Analytical Sciences, Invited / Award Lecture

From Smart Methods to Smartphones: The Dunning-Kruger Effect hits Analytical Science

D. Bleiner1
1Laboratory for Advanced Analytical Technologies, Empa Dübendorf, Department of Chemistry University of Zurich, Winterthurerstrasse 90, CH 8057 Zürich

Analytical science sheds light on chemical challenges. Analytical technology feeds operative needs to that. Unfortunately, too often non-analytical disciplines understand "analytics" as mere button-push data harvesting. Analytical science is however not analytical technology. Analytical science is about enabling insights, across dimensions of underlying information.

Correlative spectroscopies, as well as data fusion methods [1], are obvious examples. Less obviously, analytical science highlights orthogonal information dimensions [2]. For instance, feature imaging vs. sensitivity or lapse framing vs. selectivity, and so forth. Bulk quantitation is thus the new quasi. True quantitation make emerge informant dimensions, e.g. space, time, components, etc.

Hencewith, the revival of interest on chemometrics gears up virtually unlimited power. New advanced mathematical procedures, e.g. compressive sensing, relax the need for complex experimental requirements, e.g. permitting fast operando XAFS with tabletop X-ray lasers. Similarly, cohorts of time-of-flight hyperspectral data teach a solver to provide 3D chemical tomographs for batteries and/or photovoltaic thin films characterization with unprecedented detail. On the other hand, analytical science contributes also to the shrinking of instrumentation footprint, as enabled by increasingly efficient engineering, as the hardware-to-software (HW2SW) hype gets momentum. Synchrotrons become available for installation in your lab, NMR on a tabletop, XUV Raman in a shoebox [3]. While high-end facilities are still important "as airplanes" are, lab "Tesla cars" make their way to the market. Examples are given.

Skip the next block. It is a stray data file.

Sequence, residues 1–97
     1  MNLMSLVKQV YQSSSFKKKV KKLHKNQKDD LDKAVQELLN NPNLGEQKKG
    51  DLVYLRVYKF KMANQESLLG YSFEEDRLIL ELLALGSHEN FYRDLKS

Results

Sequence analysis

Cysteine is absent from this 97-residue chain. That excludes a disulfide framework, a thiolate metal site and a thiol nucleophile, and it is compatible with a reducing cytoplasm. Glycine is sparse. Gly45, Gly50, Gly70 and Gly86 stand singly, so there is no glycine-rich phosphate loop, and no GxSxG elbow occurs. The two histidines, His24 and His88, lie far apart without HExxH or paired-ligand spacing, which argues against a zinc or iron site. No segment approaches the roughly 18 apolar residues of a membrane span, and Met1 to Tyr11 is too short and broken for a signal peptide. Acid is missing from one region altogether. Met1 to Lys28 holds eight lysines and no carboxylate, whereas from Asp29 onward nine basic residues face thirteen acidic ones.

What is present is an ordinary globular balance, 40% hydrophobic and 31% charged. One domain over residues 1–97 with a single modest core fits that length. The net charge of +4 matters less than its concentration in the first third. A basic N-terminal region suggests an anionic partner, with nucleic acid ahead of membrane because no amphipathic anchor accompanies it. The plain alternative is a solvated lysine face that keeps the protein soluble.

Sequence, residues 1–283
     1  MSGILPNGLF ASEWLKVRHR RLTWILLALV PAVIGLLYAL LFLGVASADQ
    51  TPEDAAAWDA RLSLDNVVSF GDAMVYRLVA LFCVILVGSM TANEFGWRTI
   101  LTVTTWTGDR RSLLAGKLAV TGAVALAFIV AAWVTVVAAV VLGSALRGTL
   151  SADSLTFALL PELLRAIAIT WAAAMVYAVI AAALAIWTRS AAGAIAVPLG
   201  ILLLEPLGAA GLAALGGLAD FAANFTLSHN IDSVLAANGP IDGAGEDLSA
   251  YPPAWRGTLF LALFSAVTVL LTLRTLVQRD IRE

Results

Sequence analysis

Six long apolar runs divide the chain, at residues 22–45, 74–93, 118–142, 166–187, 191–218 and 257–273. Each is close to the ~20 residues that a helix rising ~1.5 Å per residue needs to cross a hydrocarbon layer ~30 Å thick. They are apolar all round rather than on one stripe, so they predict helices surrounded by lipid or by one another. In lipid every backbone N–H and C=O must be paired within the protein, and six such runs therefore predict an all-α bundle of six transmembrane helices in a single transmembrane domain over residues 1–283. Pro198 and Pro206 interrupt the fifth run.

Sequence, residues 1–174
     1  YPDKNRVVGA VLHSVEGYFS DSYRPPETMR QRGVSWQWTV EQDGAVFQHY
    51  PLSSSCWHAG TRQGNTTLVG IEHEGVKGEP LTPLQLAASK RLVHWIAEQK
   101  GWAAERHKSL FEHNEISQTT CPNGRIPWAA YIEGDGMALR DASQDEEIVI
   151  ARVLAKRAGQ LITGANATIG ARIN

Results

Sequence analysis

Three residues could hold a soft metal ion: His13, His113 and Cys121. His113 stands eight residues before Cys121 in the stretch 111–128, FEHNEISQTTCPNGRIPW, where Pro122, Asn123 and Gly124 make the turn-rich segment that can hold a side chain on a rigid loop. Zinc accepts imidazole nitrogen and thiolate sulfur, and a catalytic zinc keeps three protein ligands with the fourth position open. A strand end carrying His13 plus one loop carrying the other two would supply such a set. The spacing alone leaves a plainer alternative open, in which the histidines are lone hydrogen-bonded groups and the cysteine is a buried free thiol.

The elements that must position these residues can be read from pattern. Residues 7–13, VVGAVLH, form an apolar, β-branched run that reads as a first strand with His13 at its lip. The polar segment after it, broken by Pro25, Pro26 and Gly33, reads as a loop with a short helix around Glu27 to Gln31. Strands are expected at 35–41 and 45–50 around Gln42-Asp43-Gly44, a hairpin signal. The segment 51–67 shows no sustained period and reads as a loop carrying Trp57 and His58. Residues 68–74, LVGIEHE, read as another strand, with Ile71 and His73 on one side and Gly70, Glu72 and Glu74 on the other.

The progress of methods and devices is however so extreme that advanced diagnostics becomes possible with the smartphone in your pocket. This gives unexperienced users the confidence to be much smarter than their data. As analytical science significantly relies on creativity, so much technology self-confidence may make "small data", rather than "big data", the next gold standard in analytical science.

[1] Borgschulte, A., et al., Inelastic neutron scattering evidence for anomalous H–H distances in metal hydrides. Proceedings of the National Academy of Sciences, 2020. 117(8): p. 4021-4026.
[2] Bleiner, D., et al., Spatially resolved quantitative profiling of compositionally graded perovskite layers using laser ablation-inductively coupled plasma mass spectrometry. Journal of Analytical Atomic Spectrometry, 2003. 18(9).
[3] Bleiner, D., Tabletop Beams for Short Wavelength Spectrochemistry. Spectrochimica Acta Part B: Atomic Spectroscopy, 2020.